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medical ethics


  • "Follow the Science," but Explain and Apologize

    by Susan M. Reverby

    Governments need to establish trust so that their public health announcements are credible and persuasive, but have undermined that trust by conducting ethically questionable studies. A model of apology is part of the solution. 


  • The Troubling History of a Black Man's Heart

    by Chip Jones

    What Virginia doctors saw as a triumphant achievement was a devastating indictment of medical racism and institutional disregard for the dignity of a Black man and his family.



  • Rebecca Skloot: The Immortal Life of Henrietta Lacks, the Sequel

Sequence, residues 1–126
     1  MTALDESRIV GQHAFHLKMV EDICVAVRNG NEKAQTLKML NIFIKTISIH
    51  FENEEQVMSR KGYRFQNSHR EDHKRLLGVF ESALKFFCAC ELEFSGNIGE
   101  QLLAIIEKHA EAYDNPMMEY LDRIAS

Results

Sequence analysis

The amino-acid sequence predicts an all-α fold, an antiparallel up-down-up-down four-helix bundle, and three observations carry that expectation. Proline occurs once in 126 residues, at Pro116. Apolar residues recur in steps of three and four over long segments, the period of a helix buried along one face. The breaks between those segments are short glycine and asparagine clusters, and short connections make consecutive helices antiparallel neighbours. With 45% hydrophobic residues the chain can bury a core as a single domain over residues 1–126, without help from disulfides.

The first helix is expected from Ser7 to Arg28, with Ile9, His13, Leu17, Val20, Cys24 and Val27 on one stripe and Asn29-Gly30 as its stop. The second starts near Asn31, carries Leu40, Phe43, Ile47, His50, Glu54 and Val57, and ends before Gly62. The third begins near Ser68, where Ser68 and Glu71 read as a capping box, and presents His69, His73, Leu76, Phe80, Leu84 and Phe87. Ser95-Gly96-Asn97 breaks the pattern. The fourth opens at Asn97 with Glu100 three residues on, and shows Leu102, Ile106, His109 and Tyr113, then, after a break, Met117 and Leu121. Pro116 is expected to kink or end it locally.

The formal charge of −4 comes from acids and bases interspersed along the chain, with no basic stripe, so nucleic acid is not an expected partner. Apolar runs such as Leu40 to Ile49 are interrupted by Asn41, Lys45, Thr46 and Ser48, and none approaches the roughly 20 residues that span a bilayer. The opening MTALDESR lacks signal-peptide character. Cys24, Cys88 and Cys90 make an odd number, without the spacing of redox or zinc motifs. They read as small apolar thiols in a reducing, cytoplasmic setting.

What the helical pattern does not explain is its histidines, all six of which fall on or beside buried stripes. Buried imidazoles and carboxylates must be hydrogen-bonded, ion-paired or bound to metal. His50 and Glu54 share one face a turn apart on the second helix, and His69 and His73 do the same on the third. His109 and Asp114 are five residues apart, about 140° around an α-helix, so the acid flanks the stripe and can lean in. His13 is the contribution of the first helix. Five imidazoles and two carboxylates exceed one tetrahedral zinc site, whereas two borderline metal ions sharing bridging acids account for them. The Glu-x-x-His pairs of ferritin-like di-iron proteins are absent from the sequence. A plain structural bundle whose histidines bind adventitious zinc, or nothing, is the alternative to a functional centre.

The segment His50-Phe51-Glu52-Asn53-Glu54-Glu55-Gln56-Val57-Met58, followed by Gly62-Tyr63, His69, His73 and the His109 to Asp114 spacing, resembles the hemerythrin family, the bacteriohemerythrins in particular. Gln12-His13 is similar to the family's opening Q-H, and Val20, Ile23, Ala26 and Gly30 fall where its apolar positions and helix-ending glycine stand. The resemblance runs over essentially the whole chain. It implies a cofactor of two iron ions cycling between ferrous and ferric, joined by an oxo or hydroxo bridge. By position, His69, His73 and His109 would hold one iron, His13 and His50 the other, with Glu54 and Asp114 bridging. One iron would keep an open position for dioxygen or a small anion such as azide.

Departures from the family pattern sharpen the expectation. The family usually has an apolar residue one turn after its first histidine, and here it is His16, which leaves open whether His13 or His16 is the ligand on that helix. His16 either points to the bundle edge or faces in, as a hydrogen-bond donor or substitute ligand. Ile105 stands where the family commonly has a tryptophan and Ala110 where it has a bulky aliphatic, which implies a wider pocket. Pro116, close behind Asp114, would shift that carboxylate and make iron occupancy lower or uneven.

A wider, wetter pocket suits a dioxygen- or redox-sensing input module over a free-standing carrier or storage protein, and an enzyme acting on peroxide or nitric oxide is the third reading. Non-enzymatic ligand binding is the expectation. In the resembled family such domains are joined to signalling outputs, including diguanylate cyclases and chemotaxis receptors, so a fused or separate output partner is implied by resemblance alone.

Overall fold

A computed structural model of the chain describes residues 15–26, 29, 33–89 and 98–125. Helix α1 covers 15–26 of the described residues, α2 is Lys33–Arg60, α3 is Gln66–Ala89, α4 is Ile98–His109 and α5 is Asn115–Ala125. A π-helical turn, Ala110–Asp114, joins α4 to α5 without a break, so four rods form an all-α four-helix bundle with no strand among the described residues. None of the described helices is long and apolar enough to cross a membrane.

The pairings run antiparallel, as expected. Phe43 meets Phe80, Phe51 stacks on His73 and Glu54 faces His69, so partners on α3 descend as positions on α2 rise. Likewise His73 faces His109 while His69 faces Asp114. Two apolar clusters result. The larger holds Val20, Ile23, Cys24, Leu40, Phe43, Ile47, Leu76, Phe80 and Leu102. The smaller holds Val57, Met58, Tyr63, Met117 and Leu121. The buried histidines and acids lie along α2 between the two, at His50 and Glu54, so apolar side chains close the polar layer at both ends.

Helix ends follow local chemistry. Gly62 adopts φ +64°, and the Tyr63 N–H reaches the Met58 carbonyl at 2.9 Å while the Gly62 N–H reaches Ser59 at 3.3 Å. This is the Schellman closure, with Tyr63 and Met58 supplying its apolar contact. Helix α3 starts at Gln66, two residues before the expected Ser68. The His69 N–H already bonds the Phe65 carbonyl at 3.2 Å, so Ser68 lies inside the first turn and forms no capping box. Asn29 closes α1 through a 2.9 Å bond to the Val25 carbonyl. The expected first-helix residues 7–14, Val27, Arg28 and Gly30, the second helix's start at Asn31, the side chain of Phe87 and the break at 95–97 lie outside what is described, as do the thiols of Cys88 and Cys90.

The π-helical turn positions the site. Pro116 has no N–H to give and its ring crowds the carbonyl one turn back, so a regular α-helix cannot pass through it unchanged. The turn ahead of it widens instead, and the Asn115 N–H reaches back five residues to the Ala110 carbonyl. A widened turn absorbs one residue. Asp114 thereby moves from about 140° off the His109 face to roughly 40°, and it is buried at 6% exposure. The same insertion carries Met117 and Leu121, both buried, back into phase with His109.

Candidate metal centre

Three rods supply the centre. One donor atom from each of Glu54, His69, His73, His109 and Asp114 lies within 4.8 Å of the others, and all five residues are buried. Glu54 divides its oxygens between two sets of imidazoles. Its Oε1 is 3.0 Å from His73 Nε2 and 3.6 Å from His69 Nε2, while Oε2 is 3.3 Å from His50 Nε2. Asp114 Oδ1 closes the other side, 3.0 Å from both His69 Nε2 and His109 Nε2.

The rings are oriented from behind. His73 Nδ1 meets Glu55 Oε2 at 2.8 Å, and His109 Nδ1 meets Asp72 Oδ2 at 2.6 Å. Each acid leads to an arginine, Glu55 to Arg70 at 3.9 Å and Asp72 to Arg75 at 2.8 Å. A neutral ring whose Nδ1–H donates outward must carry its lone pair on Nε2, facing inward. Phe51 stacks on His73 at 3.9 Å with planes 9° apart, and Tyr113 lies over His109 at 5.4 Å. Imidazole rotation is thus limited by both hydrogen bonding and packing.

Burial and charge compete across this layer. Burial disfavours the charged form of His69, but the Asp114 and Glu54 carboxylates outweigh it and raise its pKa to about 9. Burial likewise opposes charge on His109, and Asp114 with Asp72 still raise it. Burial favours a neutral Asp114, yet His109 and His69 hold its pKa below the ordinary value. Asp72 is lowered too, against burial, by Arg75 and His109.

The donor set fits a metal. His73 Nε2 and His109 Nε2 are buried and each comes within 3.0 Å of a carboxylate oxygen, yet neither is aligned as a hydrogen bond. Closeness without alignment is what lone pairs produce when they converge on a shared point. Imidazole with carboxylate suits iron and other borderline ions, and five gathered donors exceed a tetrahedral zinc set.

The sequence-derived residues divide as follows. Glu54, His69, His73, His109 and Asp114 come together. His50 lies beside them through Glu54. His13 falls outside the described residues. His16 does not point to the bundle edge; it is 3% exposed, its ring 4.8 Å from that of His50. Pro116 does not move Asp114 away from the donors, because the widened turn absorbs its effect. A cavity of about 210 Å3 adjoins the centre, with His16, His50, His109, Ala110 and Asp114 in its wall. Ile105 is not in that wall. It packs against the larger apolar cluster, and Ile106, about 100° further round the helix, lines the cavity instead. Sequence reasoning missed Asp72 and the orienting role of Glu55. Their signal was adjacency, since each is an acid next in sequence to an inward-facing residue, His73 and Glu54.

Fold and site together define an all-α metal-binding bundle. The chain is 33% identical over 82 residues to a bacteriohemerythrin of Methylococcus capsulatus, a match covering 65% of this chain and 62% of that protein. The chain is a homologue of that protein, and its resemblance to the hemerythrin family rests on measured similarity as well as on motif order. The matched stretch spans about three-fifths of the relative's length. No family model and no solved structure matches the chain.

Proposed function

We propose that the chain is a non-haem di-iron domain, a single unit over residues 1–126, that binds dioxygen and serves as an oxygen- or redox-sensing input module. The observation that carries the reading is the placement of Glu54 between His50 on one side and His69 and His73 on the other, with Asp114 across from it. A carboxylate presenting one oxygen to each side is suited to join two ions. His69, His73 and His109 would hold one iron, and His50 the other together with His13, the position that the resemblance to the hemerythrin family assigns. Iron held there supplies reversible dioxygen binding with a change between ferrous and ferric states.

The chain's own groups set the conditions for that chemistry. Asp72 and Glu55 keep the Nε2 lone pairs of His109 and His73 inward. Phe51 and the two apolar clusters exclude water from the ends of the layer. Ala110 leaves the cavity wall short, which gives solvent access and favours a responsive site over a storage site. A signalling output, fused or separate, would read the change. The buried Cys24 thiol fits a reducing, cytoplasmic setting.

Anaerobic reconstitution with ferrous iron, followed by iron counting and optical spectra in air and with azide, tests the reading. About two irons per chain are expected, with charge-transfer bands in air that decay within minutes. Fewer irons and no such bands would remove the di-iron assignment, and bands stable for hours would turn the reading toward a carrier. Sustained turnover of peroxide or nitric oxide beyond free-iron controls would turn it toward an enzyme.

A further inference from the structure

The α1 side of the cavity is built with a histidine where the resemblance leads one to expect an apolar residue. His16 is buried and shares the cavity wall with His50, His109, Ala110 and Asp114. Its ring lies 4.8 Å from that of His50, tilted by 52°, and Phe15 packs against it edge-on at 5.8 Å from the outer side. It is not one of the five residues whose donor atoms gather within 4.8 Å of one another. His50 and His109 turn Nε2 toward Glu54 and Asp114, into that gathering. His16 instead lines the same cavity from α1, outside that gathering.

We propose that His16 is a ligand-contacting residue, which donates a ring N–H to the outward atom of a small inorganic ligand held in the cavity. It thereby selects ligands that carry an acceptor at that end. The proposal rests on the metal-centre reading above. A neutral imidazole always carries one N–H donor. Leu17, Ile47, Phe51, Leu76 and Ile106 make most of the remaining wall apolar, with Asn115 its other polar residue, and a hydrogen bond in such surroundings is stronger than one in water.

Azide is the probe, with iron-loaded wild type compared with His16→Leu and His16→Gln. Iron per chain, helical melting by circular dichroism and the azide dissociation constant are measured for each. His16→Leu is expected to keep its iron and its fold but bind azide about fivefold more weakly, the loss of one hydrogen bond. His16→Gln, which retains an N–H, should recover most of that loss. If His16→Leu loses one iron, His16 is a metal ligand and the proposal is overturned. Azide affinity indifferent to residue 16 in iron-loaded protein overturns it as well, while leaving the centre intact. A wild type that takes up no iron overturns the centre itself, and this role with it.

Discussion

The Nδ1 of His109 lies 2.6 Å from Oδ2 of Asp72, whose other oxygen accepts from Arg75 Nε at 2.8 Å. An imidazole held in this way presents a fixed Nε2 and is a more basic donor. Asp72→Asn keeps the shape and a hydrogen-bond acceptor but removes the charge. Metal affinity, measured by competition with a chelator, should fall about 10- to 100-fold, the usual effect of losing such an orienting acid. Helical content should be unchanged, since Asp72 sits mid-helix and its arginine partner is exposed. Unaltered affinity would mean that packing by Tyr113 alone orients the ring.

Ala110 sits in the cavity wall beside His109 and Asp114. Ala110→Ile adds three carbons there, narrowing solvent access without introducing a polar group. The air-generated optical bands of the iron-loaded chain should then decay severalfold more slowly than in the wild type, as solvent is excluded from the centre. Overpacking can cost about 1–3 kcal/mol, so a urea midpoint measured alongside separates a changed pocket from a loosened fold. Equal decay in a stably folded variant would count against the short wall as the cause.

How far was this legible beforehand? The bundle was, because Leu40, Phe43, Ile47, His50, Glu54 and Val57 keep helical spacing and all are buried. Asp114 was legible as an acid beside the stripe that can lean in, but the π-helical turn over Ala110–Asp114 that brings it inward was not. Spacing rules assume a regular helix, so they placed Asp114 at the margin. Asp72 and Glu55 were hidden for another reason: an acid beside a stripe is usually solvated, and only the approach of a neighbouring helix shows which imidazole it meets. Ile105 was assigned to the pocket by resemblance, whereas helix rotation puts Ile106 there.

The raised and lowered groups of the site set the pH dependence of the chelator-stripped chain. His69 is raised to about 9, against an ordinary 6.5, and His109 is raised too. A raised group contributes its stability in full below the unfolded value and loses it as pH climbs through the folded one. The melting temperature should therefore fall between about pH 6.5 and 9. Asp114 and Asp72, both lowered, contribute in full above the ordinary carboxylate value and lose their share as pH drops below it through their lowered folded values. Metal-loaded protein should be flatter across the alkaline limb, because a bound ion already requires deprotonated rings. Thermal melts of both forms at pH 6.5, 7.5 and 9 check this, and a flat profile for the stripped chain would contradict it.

Rebecca Skloot is the author of “The Immortal Life of Henrietta Lacks.”LAST week, scientists sequenced the genome of cells taken without consent from a woman named Henrietta Lacks. She was a black tobacco farmer and mother of five, and though she died in 1951, her cells, code-named HeLa, live on. They were used to help develop our most important vaccines and cancer medications, in vitro fertilization, gene mapping, cloning. Now they may finally help create laws to protect her family’s privacy — and yours.The family has been through a lot with HeLa: they didn’t learn of the cells until 20 years after Lacks’s death, when scientists began using her children in research without their knowledge. Later their medical records were released to the press and published without consent. Because I wrote a book about Henrietta Lacks and her family, my in-box exploded when news of the genome broke. People wanted to know: did scientists get the family’s permission to publish her genetic information? The answer is no.